Emergencies of the past

Imagination prompt generator has asked if I was ever rushed to the hospital and what for.

My visits to the hospital total two my entire life: One was the day I was born, the other was at about 9 months old, when my mother woke up in the middle of the night and had an impulse to go check on me. I was burning up. My parents rushed me to the hospital and they worked to bring my fever down. I stayed overnight but there was no more fever and no sign of why I even got it. Anyway, thanks, Mom!

I have been rushed to the emergency room a few times more. What kid hasn’t? I’ve observed that we all seem to end up with scars over an eye, under the chin, on a knee. Very standard. I have all three. The tiny scar under my chin I got at age 3, when I tripped on concrete steps and landed on my chin. I don’t remember this.

The other two scars I remember getting very, very well and if you are squeamish, stop reading.

I was 7 and living in Twentynine Palms, California (yes, there really is such a place) with my grandparents. This was during my parents’ separation. We rented a house on the corner, and this being the desert, there were no neat sidewalks, just mounds of sand spilling onto the asphalt here and there.

My best friend at the time, Elizabeth (she didn’t shorten it to Liz until much later) and I decided to race our bikes. There was a gentle slope going from my house up the street to hers, and we started a few houses past her place and peddled like mad down the slope.

We got to the L-intersection by my house and I was ahead. I hit that 90 degree left turn at full speed.

I felt my bike skid on the gravel. I slid into the mound of sand on my left side. Liz sped past me.

My first reaction was to get angry. (Still is.)

I must have been a bit stunned, too. I didn’t stop to look at anything, just flung my traitorous bike aside and got up, crying, and crossed the road to our house. Blood was running over the eyelashes on my left eye, annoying me a bit.

Grandma was home. Grandpa wasn’t. He’d just taken our one car to do some shopping. Grandma had heard a noise that didn’t sound right, and was waiting for me in our doorway. Grandma generally faints at the idea of blood, but she didn’t (to her own surprise) this time. She got me laid down on my bed. She got some towels and started wiping away the blood. I was shaking, crying, “Mama, mama!” (which I had never done before and I can remember a part of my brain thinking, “Why are you saying that? You sound like a baby.”)

Elizabeth came up to the house with my bike. She didn’t know what had happened. It happened so fast and she was clear down to the highway before she realized she was racing by herself. I remember Grandma asking her with a worried voice if she’d seen our car.

Luckily, Grandpa was not the sort to get distracted and go off and do something else (unlike me). He returned after 20 minutes, and they got me into the car and drove to our tiny little emergency room. I had stopped crying. I can’t remember any pain. Some other kid, a boy a few years older than me, had also banged up his knee; they wheeled him past while my folks were filling out forms.

I had been wearing only a bikini (which they took off me, to my embarrassment), and I had scraped my left big toe, my left ribs, my left elbow. I had a small cut above my left eyebrow, and a huge hole in my left knee. I insisted on taking a look after it was cleaned up and the doctor finally let me; it was a grayish crater about an inch deep. I don’t remember how they gave me the anesthesia; I assume with a needle along with the tetanus shot.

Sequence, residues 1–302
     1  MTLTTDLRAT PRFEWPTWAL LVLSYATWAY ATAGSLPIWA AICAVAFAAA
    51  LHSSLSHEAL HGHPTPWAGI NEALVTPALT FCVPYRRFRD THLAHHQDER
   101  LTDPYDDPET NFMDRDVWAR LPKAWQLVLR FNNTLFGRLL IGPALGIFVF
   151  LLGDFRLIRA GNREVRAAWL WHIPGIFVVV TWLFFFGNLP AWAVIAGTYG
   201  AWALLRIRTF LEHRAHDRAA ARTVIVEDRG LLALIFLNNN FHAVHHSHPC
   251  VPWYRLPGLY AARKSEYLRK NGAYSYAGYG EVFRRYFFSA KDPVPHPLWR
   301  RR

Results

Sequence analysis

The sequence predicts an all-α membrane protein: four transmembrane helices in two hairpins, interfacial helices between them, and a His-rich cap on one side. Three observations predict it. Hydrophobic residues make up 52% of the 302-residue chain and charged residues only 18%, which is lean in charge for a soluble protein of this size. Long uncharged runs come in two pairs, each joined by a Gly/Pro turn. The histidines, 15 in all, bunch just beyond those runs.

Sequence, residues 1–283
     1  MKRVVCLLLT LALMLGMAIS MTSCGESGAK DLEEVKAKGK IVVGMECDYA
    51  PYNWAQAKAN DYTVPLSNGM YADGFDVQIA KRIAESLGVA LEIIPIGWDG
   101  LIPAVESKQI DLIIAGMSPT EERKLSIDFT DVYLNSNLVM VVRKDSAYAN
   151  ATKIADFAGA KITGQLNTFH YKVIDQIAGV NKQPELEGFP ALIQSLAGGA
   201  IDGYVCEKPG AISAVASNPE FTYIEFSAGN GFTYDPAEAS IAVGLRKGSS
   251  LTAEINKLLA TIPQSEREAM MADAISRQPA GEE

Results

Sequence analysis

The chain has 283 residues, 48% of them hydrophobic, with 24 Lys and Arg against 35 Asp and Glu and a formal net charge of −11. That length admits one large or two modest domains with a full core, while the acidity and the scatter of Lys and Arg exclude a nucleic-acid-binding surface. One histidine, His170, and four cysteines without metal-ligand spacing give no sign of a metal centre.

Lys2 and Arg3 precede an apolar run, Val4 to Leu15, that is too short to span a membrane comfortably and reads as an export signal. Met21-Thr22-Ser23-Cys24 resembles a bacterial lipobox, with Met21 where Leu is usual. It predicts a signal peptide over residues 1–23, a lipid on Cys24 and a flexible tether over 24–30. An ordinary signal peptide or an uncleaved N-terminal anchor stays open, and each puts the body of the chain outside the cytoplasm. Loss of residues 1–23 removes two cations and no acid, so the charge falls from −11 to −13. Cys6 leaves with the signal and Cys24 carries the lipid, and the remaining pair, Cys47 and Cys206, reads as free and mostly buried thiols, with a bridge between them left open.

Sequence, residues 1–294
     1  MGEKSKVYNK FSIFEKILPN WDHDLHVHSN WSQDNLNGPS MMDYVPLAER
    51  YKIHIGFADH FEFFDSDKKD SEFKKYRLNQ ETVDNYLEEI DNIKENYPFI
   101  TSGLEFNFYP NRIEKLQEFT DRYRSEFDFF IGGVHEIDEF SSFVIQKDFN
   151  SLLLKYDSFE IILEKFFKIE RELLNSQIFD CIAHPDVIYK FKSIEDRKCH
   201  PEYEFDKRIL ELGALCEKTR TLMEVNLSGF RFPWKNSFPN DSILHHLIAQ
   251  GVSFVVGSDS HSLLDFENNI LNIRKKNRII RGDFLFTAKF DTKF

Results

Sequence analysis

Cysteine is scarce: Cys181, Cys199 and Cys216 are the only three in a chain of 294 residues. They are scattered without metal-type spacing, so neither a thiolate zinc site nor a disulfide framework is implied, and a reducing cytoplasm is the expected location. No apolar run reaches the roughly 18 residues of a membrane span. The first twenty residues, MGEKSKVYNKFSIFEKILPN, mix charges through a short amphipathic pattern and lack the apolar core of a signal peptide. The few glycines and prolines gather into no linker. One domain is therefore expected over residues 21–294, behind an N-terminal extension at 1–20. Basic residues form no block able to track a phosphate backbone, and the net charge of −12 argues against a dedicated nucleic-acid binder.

Dr. Gilletta was the man who cleaned up my wounds and then stitched me up – a friendly, dark-haired man somewhere in his 30’s. He started sewing the cut above my left eyebrow before the anesthesia kicked in. “Ow,” I said, really just to say something. “This doesn’t hurt,” he answered quite firmly. Since he was right, I decided to shut up from then on, which wasn’t hard to do. By the time he was done stitching my eyebrow, I was asleep.

I woke up 4 hours later. Dr. Gilletta had sewn 6 stitches above my eye, and a total of 32 in my knee, leaving a sideways Y under the knee cap. The knee cap was shifted a bit and for a long time, my left leg was thinner than my right. That Y, however, looks like my knee cap’s just throwing a shadow.

I was told I was very lucky. Not only did our little town have such an excellent tailor, uh, doctor, but my deep cut had avoided a major nerve by a couple of millimeters. (Grandma’s concern when she first saw me was that I’d poked my eye out. I was lucky with that, too.)

I spent a month with a bandaged knee and was healed in time for school. That was lucky, too. I liked school. It took me a few years to brave riding a bike again, though (not until I was in Norway did I try again) and I do not want to brave riding on gravel roads. I hated the bike I’d twisted in the crash. It became forever labeled “traitor” in my mind, poor thing. I mean, I was actually beating Elizabeth!

I totally identify with that knee, with that Y-shaped scar. It is part of what makes me Keera.

By Keera Ann Fox

I am a bi-lingual American who has lived most of my life in Norway.
Jeg er en tospråklig amerikaner som har bodd mesteparten av mitt liv i Norge.

4 replies on “Emergencies of the past”

You\’re right about the scars. I have a little one over one of my eyes, and no memory of how I got it. A friend had a similar one, only bigger, and she told me she\’d got it by falling downstairs while sleepwalking.That freaked me out. I used to sleepwalk, and I\’d always believed the old story that you wouldn\’t injure yourself, so had never worried about it before. But it was a bit strange for her – she\’d gone to sleep in her bed and woken up in a hospital bed. She knocked herself out completely.


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